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10 Lost African Empires You Didn't Know About

When it comes to ancient civilizations, many people most likely think of four major civilizations, such as Chinese civilization and ancient Egyptian civilization. When it comes to ancient empires, many people often think of Qin Dynasty, Han Dynasty, Yuan Dynasty, or various empires such as Roman Empire and Ottoman Empire, but few associate them with Africa. Africa also has a long history, you know, Egypt belongs to Africa, but many don't know it. From mysterious civilizations with incredible works of art to kingdoms with far-reaching trade routes, in this article, Jerry brings you 10 lost African empires you never knew existed.

1. Earth Bont

Bonti is one of most mysterious ancient civilizations in Africa, which arose around 2500 BC. e. The Egyptians at some point identified Punt as their place of origin, calling it "land of gods" and admiring its rich resources, including ebony, gold, myrrh, plants, and exotic animals. Some scientists place Bonte on coast of Red Sea in East Africa, others place it on Arabian Peninsula and Levant. Meanwhile, some encyclopedias of ancient history refer to modern Somalia as Bont. However, there is still no conclusion about exact location of Bonte, people use inscriptions of Ancient Egypt and handicrafts left by Bonte to prove the existence of this civilization.

2. Nok culture

One of earliest known societies in West Africa, Nok culture existed in what is now Nigeria around 500 BC. e. Knock in second century AD is known for its unique terracotta sculptures of human heads and figures, which have been excavated over a vast area of ​​78,000 square kilometers. They also had impressive early iron-making skills, and archaeologists have found evidence of iron in area. In village of Taruga, thirteen iron stoves dating back to 4th century BC, as well as iron tools and weapons, were discovered.

3. Ava

The medieval Nubian kingdom of Ava (also known as Arodia) was located in central and southern Sudan. Of three medieval Nubian kingdoms that existed, Ava is least explored, with only its capital, Soba, being extensively excavated from many known sites associated with empire. The empire covered an area of ​​about 2.6 square kilometers, and researchers claim that they had sprawling houses, churches filled with gold and gardens. Archaeologists suggest that its capital may have been a very wealthy urban center with a population of 30,000. They prospered for almost 1000 years until they were replaced by Islam in 16th century. The most prosperous period of Nubian civilization was kingdom of Kush, which dates back to about 800 BC. to 320 AD At this time, Nubians from Kush tribe once ruled all of Nubia and Upper and Lower Egypt.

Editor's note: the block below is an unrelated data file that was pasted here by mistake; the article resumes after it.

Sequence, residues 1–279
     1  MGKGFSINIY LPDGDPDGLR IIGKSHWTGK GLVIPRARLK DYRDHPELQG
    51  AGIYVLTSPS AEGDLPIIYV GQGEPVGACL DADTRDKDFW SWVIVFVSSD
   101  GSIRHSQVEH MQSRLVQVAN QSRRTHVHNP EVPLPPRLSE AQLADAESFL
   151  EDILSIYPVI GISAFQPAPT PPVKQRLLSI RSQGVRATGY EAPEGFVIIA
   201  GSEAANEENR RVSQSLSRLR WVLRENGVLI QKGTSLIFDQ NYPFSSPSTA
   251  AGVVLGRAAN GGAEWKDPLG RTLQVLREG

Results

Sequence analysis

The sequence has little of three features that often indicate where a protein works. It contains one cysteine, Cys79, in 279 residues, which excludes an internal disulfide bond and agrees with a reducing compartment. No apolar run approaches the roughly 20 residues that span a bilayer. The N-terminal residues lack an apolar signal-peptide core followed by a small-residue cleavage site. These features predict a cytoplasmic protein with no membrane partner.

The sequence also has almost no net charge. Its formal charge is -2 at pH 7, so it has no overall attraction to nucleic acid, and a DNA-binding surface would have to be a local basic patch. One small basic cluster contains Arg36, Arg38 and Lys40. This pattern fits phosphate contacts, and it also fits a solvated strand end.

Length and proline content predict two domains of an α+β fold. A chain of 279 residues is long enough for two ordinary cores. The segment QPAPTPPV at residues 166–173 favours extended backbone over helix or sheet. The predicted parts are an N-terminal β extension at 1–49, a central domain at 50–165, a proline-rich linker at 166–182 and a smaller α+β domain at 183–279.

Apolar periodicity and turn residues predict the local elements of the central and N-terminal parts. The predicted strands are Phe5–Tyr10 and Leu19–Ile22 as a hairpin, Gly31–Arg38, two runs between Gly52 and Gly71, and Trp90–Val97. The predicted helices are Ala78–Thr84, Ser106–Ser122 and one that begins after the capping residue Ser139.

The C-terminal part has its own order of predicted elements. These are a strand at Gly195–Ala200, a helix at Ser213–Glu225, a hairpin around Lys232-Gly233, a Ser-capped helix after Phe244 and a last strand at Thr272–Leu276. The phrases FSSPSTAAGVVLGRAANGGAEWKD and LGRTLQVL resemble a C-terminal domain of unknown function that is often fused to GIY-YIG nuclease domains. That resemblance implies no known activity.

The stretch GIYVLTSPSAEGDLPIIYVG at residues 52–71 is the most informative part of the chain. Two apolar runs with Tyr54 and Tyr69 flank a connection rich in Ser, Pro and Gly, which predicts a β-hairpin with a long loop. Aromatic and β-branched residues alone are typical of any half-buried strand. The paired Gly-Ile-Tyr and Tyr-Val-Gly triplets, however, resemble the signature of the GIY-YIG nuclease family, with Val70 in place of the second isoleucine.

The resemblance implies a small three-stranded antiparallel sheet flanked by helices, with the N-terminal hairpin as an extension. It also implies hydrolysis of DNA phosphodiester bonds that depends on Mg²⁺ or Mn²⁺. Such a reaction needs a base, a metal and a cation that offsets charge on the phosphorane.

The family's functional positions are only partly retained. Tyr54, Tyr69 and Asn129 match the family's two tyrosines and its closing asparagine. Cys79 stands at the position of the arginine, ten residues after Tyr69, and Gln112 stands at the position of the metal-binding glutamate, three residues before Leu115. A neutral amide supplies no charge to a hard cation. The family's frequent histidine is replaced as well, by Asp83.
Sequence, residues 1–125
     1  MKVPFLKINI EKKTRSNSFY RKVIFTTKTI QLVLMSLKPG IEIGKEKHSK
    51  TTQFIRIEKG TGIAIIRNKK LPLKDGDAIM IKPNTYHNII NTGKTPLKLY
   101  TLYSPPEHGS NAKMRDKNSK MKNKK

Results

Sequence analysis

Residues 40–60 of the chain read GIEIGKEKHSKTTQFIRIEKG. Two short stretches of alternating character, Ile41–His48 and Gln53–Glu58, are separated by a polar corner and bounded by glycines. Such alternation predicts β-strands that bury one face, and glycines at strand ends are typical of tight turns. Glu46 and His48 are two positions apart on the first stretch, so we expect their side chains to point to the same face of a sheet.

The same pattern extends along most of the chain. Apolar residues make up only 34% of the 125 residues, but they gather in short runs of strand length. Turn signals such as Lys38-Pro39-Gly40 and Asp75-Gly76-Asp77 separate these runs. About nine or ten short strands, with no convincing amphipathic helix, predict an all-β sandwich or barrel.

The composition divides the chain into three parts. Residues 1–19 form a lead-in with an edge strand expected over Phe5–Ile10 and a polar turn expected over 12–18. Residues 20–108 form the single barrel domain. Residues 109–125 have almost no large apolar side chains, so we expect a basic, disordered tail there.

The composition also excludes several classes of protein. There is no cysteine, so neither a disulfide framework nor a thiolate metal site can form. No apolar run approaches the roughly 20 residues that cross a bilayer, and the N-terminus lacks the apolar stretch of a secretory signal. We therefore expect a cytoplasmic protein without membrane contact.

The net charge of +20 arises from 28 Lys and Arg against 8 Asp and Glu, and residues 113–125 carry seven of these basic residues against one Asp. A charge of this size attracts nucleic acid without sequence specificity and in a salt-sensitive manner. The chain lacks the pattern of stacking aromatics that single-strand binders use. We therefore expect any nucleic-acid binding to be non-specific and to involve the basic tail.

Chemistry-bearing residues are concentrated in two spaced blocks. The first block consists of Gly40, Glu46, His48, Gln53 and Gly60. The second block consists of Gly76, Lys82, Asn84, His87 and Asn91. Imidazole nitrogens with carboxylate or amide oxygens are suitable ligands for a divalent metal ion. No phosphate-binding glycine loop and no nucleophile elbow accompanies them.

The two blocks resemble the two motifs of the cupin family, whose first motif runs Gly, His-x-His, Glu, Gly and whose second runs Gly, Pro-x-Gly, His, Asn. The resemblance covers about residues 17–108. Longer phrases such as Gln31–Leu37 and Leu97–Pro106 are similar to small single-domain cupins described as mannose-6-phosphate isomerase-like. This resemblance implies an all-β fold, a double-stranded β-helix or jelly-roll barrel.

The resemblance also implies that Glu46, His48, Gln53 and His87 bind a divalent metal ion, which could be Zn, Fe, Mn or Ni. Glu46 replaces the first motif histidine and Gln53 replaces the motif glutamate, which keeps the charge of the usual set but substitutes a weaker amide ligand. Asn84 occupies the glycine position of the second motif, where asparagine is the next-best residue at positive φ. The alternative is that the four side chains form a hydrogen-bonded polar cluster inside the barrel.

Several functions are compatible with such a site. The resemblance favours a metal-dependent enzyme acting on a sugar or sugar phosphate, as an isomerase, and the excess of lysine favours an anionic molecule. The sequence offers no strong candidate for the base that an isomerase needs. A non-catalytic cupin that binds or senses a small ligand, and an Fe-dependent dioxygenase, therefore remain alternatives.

4. Aksum

The ancient East African kingdom of Aksum, also known as Aksumite Empire, was founded around 80 BC. e. In what is now northern Ethiopia and Eritrea. However, little is known about its origin. This kingdom existed approximately between 1st and 8th centuries AD. It is believed that Aksumite kingdom stretched from Red Sea to highlands of Ethiopia. This powerful and prosperous kingdom had trade links with Egypt, Persia, Arabia, Romans, Byzantines, Ceylon and India. Huge monolithic obelisks, royal tombs and ruins of palaces that remained in Aksum testify to material wealth and architectural abilities of Aksumites.

The most notable structure is massive obelisk located in and around city of Aksum. Carved from a single piece of granite, these obelisks resemble multi-storey palaces. They have beautifully carved false doors, windows, columns and beams. The largest obelisk rises to a height of more than 23 meters. But largest (and largest in world) over 33 meters long collapsed into fragments.

5. Benin